Add-AppxPackage - Path <The path to the downloaded installer file>

Note that in my case, I was unable to install the UWPDesktop APPX file because there were components that were locked by the "Your Phone" app. I was able to detect this issue through the error message from Add-AppxPackage, and I was able to fix this by killing the process through Task Manager.

Downloading the Power Apps Android APK

In preparation for sideloading the Android Power Apps player, the next step is to obtain the APK (Android Package) file for the Power Apps Player. The purpose of APK files is to distribute and install Android apps.

There are 2 ways to obtain an APK file.

The first method is to install the Power Apps player on an Android device officially through the Google Play store. We can then use a backup tool to generate an APK file. There are many backup apps that we can use, one that I use is "Assistant for Android".

A second way to obtain the Power Apps APK package is to use an online web repository, such as As the screenshot below illustrates, we can carry out a search for "Power Apps", and download the current version of the player, as well as previous versions.

Downloading and Installing ADB

The next step is to download ADB (Android Debug Bridge). ADB is a command-line tool that debugs apps, and helps us to access parts of the Android platform that are usually hidden away from an average user.

We can download ADB from the following link.

Once we download this ZIP file, we extract the contents to an accessible location. For this example, I extracted the files to "C:\PowerApps\AndroidTools".

Sideloading the Power Apps APK onto the emulator

The next step is to connect ADB to the "Windows Subsystem for Android". To do this, we need the IP address of the ADB endpoint.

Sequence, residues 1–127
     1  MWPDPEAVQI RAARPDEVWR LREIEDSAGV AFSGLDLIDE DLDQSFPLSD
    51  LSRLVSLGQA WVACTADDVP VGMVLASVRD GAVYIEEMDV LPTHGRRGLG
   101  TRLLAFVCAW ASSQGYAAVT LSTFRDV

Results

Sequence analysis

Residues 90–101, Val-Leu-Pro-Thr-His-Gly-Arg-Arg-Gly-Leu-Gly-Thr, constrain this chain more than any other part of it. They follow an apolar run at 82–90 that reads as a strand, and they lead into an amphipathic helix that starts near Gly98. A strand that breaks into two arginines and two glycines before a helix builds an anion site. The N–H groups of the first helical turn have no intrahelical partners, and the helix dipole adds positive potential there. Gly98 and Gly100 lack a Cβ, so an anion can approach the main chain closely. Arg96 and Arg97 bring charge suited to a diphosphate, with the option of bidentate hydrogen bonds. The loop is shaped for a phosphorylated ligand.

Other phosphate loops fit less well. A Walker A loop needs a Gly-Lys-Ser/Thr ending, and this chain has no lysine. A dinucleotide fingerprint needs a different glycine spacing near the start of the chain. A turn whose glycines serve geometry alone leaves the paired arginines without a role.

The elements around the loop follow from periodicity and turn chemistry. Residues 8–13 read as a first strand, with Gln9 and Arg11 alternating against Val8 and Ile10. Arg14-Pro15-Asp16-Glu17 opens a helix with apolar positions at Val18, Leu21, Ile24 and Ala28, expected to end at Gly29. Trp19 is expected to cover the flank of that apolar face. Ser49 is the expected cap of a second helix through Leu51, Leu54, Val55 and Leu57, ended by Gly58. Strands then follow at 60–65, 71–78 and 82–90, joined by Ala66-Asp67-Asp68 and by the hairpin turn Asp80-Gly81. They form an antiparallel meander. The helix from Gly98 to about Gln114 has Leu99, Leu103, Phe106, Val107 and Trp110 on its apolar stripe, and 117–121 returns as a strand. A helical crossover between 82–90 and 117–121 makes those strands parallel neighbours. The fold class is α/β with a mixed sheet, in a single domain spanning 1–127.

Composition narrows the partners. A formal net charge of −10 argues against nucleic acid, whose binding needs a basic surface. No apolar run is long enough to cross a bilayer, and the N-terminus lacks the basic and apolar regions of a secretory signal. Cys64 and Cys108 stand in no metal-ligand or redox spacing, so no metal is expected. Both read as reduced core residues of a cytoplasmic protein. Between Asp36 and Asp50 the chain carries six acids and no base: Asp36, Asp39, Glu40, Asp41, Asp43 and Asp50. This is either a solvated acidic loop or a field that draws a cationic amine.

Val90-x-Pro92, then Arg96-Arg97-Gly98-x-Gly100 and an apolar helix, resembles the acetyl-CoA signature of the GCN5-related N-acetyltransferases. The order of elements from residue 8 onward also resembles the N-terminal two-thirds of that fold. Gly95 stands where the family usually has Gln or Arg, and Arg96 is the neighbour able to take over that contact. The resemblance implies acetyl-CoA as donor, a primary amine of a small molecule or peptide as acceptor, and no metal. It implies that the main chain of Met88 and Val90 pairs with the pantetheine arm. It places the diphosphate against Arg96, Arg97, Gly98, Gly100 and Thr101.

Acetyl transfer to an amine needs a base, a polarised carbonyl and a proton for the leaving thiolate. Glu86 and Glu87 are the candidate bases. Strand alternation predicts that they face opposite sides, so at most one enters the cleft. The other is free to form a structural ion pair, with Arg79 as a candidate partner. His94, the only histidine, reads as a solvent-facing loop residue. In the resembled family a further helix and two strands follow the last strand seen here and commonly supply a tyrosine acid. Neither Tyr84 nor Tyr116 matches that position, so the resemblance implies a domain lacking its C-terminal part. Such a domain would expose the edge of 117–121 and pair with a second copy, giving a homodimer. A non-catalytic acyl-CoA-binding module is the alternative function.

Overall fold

To determine this, open "Windows Subsystem for Android" from the start menu and enable the "Developer mode" option.

To ensure that the subsystem is running, click the Files icon to open the integrated Android file explorer. This process starts the subsystem, if it isn't running. Once the subsystem is running, we can click the 'refresh' button that appears in the "IP address" group. 

The ADB IP address should then appear in the "Developer mode" group, and we can then open a command prompt and make a connection to this IP address by running the following command:

adb connect
We can then install the Power Apps APK through ADB by running the adb install command:

adb install <full_path_to_the_APK_file>
If all goes well, a success message will appear, and a shortcut for the Power Apps Android Player will appear in the Windows Start Menu – just like any regular Windows app.

Running the Power Apps Android Player in Windows 11.

The screenshot beneath shows the appearance of the Power Apps Android player shortcut following the ADB installation.

From the Start Menu pane, the Uninstall option removes the Android app from Windows, and the 'App settings' option displays the following 'App info' pane. This view is identical to the app info details that we can access through the settings menu of a physical Android device. 

Now for the moment of truth - does the sideloaded Power Apps Android Player work? In the initial test that I carried out, it unfortunately didn't work. The app did not appear after clicking the start menu icon.

Without wanting to give up too soon, I decided to uninstall the v.322022.28 and to install one of the older versions. The great news is that it worked, and I was able to open and run apps as expected, as shown in the screenshot below.


Windows 11 can run Android apps natively through the "Windows Subsystem for Android". Officially, this works only in the US, and supports only Android apps that are deployed through the Amazon App Store.

It's possible to install the "Windows Subsystem for Android" and to sideload Android apps, and this post walked through the process.

The Android player is not officially supported under Windows 11 and I was unable to get the latest version to work. However, I was able to install a working previous version.

In conclusion, whilst it can be a useful exercise to understand how Android apps work in Windows 11, I would not recommend this approach for testing Power Apps. Instead, I would use a physical device or an emulator for mobile test purposes.